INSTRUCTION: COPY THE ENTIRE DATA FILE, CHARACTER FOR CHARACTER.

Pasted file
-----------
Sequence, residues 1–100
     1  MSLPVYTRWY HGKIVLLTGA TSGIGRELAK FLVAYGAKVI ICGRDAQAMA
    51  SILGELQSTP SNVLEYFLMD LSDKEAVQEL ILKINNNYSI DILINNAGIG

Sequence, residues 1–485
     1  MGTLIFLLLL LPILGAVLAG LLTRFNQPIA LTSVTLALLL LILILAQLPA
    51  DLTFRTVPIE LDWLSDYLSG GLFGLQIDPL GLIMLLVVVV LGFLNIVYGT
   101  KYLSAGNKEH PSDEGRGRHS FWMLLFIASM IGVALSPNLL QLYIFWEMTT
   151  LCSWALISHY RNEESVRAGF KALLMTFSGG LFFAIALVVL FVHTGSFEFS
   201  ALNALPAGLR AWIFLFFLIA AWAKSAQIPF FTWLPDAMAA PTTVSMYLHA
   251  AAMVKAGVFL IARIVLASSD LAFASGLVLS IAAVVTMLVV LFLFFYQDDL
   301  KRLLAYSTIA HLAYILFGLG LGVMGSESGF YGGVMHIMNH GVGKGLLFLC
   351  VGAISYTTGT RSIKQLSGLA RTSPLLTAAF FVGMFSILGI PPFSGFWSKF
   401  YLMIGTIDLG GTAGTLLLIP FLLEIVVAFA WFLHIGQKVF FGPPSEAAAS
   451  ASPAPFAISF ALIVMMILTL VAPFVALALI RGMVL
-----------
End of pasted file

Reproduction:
Sequence, residues 1–100
     1  MSLPVYTRWY HGKIVLLTGA TSGIGRELAK FLVAYGAKVI ICGRDAQAMA
    51  SILGELQSTP SNVLEYFLMD LSDKEAVQEL ILKINNNYSI DILINNAGIG

Sequence, residues 1–485
     1  MGTLIFLLLL LPILGAVLAG LLTRFNQPIA LTSVTLALLL LILILAQLPA
    51  DLTFRTVPIE LDWLSDYLSG GLFGLQIDPL GLIMLLVVVV LGFLNIVYGT
   101  KYLSAGNKEH PSDEGRGRHS FWMLLFIASM IGVALSPNLL QLYIFWEMTT
   151  LCSWALISHY RNEESVRAGF KALLMTFSGG LFFAIALVVL FVHTGSFEFS
   201  ALNALPAGLR AWIFLFFLIA AWAKSAQIPF FTWLPDAMAA PTTVSMYLHA
   251  AAMVKAGVFL IARIVLASSD LAFASGLVLS IAAVVTMLVV LFLFFYQDDL
   301  KRLLAYSTIA HLAYILFGLG LGVMGSESGF YGGVMHIMNH GVGKGLLFLC
   351  VGAISYTTGT RSIKQLSGLA RTSPLLTAAF FVGMFSILGI PPFSGFWSKF
   401  YLMIGTIDLG GTAGTLLLIP FLLEIVVAFA WFLHIGQKVF FGPPSEAAAS
   451  ASPAPFAISF ALIVMMILTL VAPFVALALI RGMVL